Michael Bloomberg Is Wrong About School Testing

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Bloomberg’s belief that “bad teachers” are the main culprits in education and that testing is the best way to remove them is a misplaced approach, the author writes. Lisi Niesner/Reuters

Michael Bloomberg, the well-intentioned but sometimes misguided education champion and former New York mayor, and Pearson, the giant, ossified education publisher, have more in common than you think. Both see corporations as a model for schools. Both love standardized tests.

The most striking resemblance? How out of touch they are with the daily lives of teachers, students and principals.

In a recent essay by Bloomberg, he states that his key issues with the Obama administration's move to limit K-12 testing are that it removes the tools to identify bad teachers and robs students of the opportunities to prepare for lifelong testing.

Both arguments are deeply flawed.

Bloomberg's belief that "bad teachers" are the main culprits in education and that testing is the best way to remove them is a misplaced approach. There's simply no proof that an annual student test is the best indicator of individual teacher quality, and even the most cutthroat enterprises prefer training and improvement to firing, except in extreme cases.

And school as a model for life's later tests misses the point of American education. Beyond school, most people take very few tests in life, outside a few chosen fields. Tests make up a miniscule fraction of life's meaningful events, and standardized testing should represent an equally tiny fraction of our kids' school lives.

Bloomberg's argument for a fusillade of standardized tests is not ill intentioned—it's simply out of touch with today's classroom. And that's where Pearson comes in, which—as a major school publisher—is an even bigger problem.

It may be good business when the company that sells standardized tests also sells the textbooks supposedly helpful in prep for the same tests (all paid for by taxpayers), but what's good for Pearson is not what is good for teachers and students. Dynamic, engaging tools that are personalized and provide real-time insight into what's going on with their students are what teachers need to continually refine their craft and to help their students learn and grow.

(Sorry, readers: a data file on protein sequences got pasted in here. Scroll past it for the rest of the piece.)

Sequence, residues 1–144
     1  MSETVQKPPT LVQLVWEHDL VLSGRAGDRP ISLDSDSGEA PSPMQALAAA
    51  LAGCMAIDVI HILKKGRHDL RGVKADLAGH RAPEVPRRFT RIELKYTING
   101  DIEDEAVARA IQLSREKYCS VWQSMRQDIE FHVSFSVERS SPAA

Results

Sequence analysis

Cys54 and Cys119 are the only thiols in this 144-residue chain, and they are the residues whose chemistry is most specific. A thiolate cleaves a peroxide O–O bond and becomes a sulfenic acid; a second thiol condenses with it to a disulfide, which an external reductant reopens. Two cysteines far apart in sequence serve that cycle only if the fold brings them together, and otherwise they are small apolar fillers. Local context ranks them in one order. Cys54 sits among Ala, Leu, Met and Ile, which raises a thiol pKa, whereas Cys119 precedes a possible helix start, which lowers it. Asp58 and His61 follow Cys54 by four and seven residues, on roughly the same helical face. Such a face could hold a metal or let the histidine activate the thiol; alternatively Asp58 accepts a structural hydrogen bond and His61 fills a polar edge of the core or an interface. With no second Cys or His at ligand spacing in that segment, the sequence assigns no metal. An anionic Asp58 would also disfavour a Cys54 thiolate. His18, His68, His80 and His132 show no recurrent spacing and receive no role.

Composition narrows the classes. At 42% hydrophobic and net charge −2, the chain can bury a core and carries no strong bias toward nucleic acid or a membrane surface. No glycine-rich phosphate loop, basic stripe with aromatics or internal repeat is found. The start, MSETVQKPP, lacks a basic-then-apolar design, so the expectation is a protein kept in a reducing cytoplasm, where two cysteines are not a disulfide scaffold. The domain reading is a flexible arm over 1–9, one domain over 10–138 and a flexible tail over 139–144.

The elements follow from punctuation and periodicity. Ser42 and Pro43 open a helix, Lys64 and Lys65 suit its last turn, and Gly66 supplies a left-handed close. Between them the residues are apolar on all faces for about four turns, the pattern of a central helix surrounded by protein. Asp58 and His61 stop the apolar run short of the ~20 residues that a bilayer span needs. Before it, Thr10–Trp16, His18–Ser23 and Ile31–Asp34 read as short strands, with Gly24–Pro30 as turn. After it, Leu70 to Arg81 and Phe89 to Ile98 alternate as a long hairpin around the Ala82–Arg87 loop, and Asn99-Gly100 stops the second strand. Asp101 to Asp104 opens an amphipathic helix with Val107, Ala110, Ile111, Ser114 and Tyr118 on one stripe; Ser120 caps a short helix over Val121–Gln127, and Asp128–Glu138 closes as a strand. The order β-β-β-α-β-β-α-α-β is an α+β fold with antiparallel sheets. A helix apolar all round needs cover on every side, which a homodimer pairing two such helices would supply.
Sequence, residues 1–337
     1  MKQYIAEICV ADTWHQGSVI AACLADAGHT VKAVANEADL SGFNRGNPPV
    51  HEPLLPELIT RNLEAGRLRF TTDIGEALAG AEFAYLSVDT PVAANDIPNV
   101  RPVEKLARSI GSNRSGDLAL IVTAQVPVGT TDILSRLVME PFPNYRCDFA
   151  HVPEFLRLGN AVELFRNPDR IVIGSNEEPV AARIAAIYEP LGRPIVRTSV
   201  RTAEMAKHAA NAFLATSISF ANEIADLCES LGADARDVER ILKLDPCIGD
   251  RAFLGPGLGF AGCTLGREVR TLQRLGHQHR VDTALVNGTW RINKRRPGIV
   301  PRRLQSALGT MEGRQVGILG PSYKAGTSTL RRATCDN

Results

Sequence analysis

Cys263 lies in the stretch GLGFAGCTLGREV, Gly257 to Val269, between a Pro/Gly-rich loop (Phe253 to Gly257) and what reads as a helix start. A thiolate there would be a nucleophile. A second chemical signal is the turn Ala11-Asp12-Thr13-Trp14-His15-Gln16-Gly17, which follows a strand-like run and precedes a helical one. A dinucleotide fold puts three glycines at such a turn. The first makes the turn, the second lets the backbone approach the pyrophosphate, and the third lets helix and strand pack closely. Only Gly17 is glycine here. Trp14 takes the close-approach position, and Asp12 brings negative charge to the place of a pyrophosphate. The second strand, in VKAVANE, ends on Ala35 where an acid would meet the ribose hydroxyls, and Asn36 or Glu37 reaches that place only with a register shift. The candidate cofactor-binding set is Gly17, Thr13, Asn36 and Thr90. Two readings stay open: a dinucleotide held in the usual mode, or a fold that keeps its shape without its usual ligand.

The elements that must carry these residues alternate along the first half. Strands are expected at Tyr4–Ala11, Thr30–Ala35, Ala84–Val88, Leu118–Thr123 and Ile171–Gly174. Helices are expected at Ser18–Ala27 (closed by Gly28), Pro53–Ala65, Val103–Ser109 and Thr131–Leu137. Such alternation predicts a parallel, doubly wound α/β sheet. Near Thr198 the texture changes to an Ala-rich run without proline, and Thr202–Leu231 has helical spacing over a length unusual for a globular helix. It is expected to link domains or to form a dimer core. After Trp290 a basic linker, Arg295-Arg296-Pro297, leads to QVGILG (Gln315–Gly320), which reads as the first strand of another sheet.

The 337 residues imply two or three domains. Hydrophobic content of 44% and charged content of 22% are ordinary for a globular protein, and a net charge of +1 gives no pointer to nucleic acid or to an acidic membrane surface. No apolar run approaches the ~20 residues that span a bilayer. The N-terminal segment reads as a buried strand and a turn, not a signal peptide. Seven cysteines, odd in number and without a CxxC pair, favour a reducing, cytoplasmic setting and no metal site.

Which brings us back to Obama. His administration's announcement is likely spurred by the rise of next generation instructional tools that seamlessly blend assessment (understanding what kids know) into content and instruction. Invisibly integrated into learning, assessment doesn't feel like a test. The model lets teachers help the students immediately when they need it, not six months from now when the state reports results.

The result is a better connection between teachers and students, with teachers able to easily identify and provide extra help to the students who need it. That's what everyone in education seeks. It's a result that Pearson doesn't care about and Bloomberg's views don't address.

We can't expect Pearson to change their views on testing and textbooks, especially amidst slipping profits and a plunging stock price. They and their shareholders have too much at stake.

But there is hope that Bloomberg's views will evolve. He, like many of us, wants to see progress. But his comments in this case inadvertently support the education-industrial complex that has frozen U.S. education in time. Bloomberg's powerful voice and deep pockets should lift up our teachers and students, not global conglomerates and status quo.

Matt Gross, CEO and co-founder of the ed-tech literacy tool Newsela, is a former teacher and the former executive director of the Regents Research Fund, a privately funded affiliate of the New York State Board of Regents and Education Department.